The most powerful form of advertising is being exceptional, says a technologist quoted in Sunday’s NY Times. He’s talking about Google, of course, by far the most innovative and exceptional company of the past decade.
Columnist David Carr’s love letter to the search giant rhapsodizes about the quality and ease of use of company’s many free web apps, especially the latest, Google Video Chat. And about how hard they are to resist.
(Aside: Reading Carr’s piece is almost like watching someone slip into drug addiction. Like most of us, Carr started with the “gateway drug,” Google Search. Then came some harmless experimentation with Gmail — and the boy was hooked. After that it was an easy descent into Google Calendar, Maps, even the hard stuff like Google Reader…)
One familiar aspect of Carr’s piece was his worry that he might someday regret giving up so much personal information to Google. I certainly share his concern. But this is a marketing blog, and Carr’s most cogent observation was about Google’s marketing — or rather, the lack of it.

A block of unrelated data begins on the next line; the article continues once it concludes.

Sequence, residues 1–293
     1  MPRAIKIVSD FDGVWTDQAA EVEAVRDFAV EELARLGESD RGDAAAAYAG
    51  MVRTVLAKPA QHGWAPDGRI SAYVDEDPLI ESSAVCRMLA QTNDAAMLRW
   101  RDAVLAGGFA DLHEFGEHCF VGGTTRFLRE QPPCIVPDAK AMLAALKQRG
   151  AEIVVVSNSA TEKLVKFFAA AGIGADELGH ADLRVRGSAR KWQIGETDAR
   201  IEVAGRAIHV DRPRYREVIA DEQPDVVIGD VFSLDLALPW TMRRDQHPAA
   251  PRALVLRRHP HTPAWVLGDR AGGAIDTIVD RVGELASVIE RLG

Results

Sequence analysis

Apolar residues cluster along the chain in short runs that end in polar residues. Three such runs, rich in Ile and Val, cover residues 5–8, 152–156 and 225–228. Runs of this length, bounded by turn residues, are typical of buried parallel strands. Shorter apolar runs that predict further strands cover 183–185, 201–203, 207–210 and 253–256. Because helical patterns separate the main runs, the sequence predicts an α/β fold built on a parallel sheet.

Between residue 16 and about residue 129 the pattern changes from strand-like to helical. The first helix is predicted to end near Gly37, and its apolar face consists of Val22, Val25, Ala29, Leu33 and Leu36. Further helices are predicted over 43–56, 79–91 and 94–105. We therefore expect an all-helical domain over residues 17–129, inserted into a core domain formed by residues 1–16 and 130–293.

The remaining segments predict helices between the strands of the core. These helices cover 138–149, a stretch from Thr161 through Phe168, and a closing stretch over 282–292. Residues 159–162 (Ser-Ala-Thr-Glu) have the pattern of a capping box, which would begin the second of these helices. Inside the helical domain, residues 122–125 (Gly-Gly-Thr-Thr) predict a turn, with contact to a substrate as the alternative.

Take video chat. Many other companies would take that kind of quantum leap and shout it from the rooftops, but Google just did a smallish blog post about the new feature and left it at that. “We have a philosophy that our products should speak for themselves,” said Jeff Huber, senior vice president for engineering at Google. “We tend not to make a lot of noise.”
That’s for sure. When was the last time you saw an ad for Google? Probably never. Compare that to the extensive advertising for Microsoft and Apple. Why the difference? Carr says “Google’s Web platform, in all of its high-functioning glory, is also its marketing.”
Bottom line: If you’re exceptional, you don’t need much marketing. The word always gets out. Of course, most companies are not exceptional, unfortunately. Not even Apple and Microsoft. Which keeps people like me in business.